I’ve always loved those early Steve Reich pieces – you’re talking about ‘It’s Gonna Rain’ and ‘Come Out’, I assume. And I don’t NOT love what electronica I’ve heard. I guess I’m just old-school enough to prefer natural sounds and textures – within which category I include the electric guitar, the Hammond B3 organ and the Fender Rhodes piano, which of course are no more natural than any of the electrowheeps and cyberwhaps in electronica.

The Huebler piece sounds interesting – but so much damn work. I’m glad I don’t need airplanes and football fields and magnesium flares to do my work. (Just a simple computer, which I couldn’t build myself if I were a million monkeys given a million years.) Something tells me I’m just as moved by reading your account of it as I would be seeing the thing. Then again, I’m generally not as receptive to the visual as I am to the audible, or the readable.

Thanks for the kind words about my prose – I suppose I have my tricks and hot licks, but I do try to keep them decently under control. And of course as soon as I recognize them as such, they have to go. That transparent window IS what I want, though I also want it to sound like a million bucks.

I can’t think of a writer whose work I love BECAUSE it’s different from mine, but I certainly love Dickens, who seems to me about as remote as you can get. P.G. Wodehouse. Keats. Shakespeare. The hell of it is, I think I’m the last one to know what my stuff might be like. I often have Samuel Beckett in my ear – also Amy Hempel – also Ann Beattie – also Samuel Johnson – but I doubt anybody would think I sound much like any of them, except possibly for Ann. Sort of like doing karaoke: you sound great until they cut off the backing track, and then it’s just you. I admire the writers you mention, and I hope I DO sound like them.

Let me turn that question around – do you have any such writers? W.H. Auden used to play a parlour game (it might only have been a conceptual parlour game) he called Purgatory Mates: you’re stuck in Purgatory with someone who’s your complete opposite and have to find a way to make peace, come to terms, and finally appreciate that other. (One example he gives, I think, is Kierkegaard and Sydney Smith.) Do you have any literary Purgatory Mates? Or for that matter, non-literary ones? (Remember – Purgatory, not Hell, so you wouldn’t be stuck with the absolute unacceptables, like Ted Cruz.)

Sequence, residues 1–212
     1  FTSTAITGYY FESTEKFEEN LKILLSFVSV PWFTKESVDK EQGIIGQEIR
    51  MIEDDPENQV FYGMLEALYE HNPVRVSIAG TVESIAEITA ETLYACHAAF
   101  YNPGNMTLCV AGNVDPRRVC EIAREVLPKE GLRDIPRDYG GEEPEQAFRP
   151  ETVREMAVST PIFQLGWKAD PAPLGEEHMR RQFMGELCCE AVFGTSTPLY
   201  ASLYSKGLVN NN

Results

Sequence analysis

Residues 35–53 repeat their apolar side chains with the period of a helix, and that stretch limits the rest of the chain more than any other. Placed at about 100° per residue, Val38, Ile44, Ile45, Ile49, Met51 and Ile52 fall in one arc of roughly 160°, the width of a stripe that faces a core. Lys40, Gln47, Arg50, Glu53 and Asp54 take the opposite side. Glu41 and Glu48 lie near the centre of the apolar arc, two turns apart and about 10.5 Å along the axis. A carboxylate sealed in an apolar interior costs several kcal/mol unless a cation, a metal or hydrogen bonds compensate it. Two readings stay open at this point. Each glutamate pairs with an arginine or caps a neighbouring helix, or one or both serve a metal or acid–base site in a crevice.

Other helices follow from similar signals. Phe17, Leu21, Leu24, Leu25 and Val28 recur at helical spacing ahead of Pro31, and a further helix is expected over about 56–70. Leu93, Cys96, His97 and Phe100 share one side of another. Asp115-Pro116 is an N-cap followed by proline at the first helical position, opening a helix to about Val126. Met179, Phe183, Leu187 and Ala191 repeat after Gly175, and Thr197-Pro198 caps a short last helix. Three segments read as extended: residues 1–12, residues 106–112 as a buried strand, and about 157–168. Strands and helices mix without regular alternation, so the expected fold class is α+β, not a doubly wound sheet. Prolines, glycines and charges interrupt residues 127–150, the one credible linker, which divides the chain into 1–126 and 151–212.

David

 

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David, you don’t need to fly over your manuscript? Every afternoon I hire a helicopter so I can look down on the pages (or more likely, the single paragraph) that I’ve written, and hopefully gain some objectivity about what I’ve produced!

And yes, works of conceptual art are often tantamount to their descriptions, so once you’ve heard the idea, there’s not much reason to see the work. In the ‘70s though, there was something thrilling about art that wasn’t embodied in an object – anyone could own a concept, and some forms of conceptual art entirely bypassed the imperatives of commerce, which is hard to imagine these days given the astronomical sums paid for art, and given the juggernaut that is the art market.

You got the two Reich pieces exactly right. I can tell you’re a musician because you created the words ‘electrowheeps’ and ‘cyberwhaps,’ for which I thank you.

Wyston, that cad! Purgatory Mates is a diabolical parlour game! My answer may seem self-effacing, but I would be the most challenging purgatory mate for myself. It’s easy for me to admire writers whose sensibility and style is remote from my own. I respond longingly to their work because I feel I could never do what they do as well as they do it. Since I admire the precision and clarity of your work, you would make a good, i.e. bad, purgatory mate. Reckoning with a different kind of writer would be a pleasure. I’d be surprised by their writerly instincts, whereas I can second guess my own. I’d be forced out of my habitual ways of seeing the world, whereas I’m often acutely aware of my creative limitations. Lorrie Moore once spoke about how much she disliked it when students thought they could win her approval by adopting her style; the last thing she wanted to see was writing that resembled (or imitated) her own. It would take me a long, long time – a purgatorial amount of time – to clearly perceive and eventually accept my own point of view.

And your purgatory mate, Mister Gates?

Bernard

 

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The writer as helicopter parent, eh? I recognize the syndrome. It’s why I don’t have a book out in the twenty-first century, though that should at last be remedied next year.

Since we’ve been talking about conceptual art, maybe my Purgatory Mate would be Borges – who, instead of writing Don Quixote from scratch, writes about a writer (the fictive Pierre Menard) who writes Don Quixote from scratch. Or maybe it would be some prolific, large-spirited, socially righteous, absolutely sincere novelist with a lush prose style – Charles Dickens, say, so I don’t have to name names among the living. One thing I know: it wouldn’t be you, Bernard. It would take me five minutes to sell you on Charley Patton, it would take you five minutes to sell me on The Purple Wow Sound, and we’d use up another five praising Raymond Carver and Joy Williams. End of conversation, and with eons to go.

David.

Teenage Wastelands
The More We Think About It